GAYS MILLS - We are getting more and more settled into our new home and find ourselves diving head first into all sorts of things.
Just this morning, I paid a little socially distant visit to pick up some baby chicks from a friend.
Thatcher has turned into quite the chicken man. After the sellers left their eight laying hens, Thatcher immediately regained his interest in the feathered friends.
He has long since been a chicken lover. The first two words he strung together being ‘buck buck,’ the sound the chicken makes. Something about the excited peeping of the little birds really got him going today.
Luckily for us, the chickens that the sellers left all seem to be fairly well behaved. They don’t poop on the patio or pergola and they adhere to the hours of their automatic door opener. And, perhaps the biggest bonus, they are all gentle hens.
However, Thatcher, the child with the world’s largest imagination, seems to have decided that one of the birds is not to be trusted.
“You see that chicken over there mama?” He asked me one morning with the kind of suspicion reserved for a wild west sheriff watching a potential lowdown-no-good-so-and-so riding into his town.
“That chicken over there is the Mean Eyed Chicken,” Thatcher informed me. “It’s got short fat chubby little legs and a MEAN EYE!” He squealed and waved his arms for emphasis.
“Did it do something to you? Did it chase you away from the coop?” I questioned.
“No, it just looked at me with its mean eye and its short chubby little legs. I didn’t like that,” the boy explained. “I suggest it looks at somebody else with that mean eye.”
Despite his beef with the Mean Eyed Chicken, he still is rather attached to his flock. For instance, when I suggested giving old Mean Eye to his Aunt Rita, he instantly burst into tears over the prospect.
The job of collecting the eggs from our brood has become his and it is one he seems to rather enjoy.
Today, Thatcher heard one of the hens clucking up a storm because our puppy Queenie was in the coop, while she was trying to lay. He quickly ran in there to remove the dog. It didn’t help much because he stood there, patiently waiting for the hen to remove herself from the laying box–so he could harvest the still warm egg from where she made her deposit.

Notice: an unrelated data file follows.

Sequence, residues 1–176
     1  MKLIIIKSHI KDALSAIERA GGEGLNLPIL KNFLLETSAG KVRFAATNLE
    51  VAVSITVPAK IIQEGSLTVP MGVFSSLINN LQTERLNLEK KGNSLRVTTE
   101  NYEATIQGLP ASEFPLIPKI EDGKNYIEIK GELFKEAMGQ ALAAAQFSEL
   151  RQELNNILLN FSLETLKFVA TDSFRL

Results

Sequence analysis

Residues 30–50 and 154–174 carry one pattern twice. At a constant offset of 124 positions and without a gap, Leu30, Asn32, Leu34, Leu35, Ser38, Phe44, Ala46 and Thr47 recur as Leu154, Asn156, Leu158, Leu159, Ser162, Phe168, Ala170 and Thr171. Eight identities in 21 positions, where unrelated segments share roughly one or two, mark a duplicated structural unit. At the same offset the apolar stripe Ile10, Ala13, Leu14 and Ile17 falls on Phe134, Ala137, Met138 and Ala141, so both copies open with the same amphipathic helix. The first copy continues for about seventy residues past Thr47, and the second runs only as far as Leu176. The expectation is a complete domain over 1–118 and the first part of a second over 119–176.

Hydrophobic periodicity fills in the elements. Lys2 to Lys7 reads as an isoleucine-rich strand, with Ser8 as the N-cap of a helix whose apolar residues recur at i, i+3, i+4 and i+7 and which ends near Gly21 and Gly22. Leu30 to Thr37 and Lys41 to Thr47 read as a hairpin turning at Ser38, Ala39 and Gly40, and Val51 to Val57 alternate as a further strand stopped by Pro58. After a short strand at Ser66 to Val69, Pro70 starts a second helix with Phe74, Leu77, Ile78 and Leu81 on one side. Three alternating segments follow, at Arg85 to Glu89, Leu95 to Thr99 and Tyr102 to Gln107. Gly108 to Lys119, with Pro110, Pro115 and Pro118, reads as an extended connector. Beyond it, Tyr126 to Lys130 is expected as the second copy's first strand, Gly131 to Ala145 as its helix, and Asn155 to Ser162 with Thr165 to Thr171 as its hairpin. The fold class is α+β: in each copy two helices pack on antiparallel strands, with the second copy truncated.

All of the issues going on in the world of large scale livestock production seems to only reassure me of my choice to have a little farmstead of my own.
I am beginning to be under the impression that everyone else has taken to the dream of farming at this moment too. Within the last week, due to incredible demands, I’ve made an order for a second round of meat chickens before my first have even hatched. I also got on the schedule to have three hogs butchered in January 2021, even though their hooves have not touched my pasture yet. Both people I spoke to on the phone sounded busy and a little stressed, but were Midwest Polite nonetheless.
As things surge at the moment, it certainly may be a bit stressful. Yet, off in the distance somewhere, we can all look at a whole new dynamic of our life–especially right here where we live.
We are surrounded by so many farmers who are working to stay small, treat their animals and slice of earth well and feed the rest of us. It seems chaotic now, but I am hopeful it can be a blessing in disguise. It can inspire us to think more about the food we eat, where it comes from and who is raising it. Realize that when we spend a few bucks more on locally produced products, we are putting money into the pockets of our friend and in turn, getting a far superior product.Connecting with your neighborhood farmer has never been easier than it is right now as well. Hop on Facebook, call your local locker, or probably even read about in this very paper. Reach out, connect, and support each other and protect the future of our community.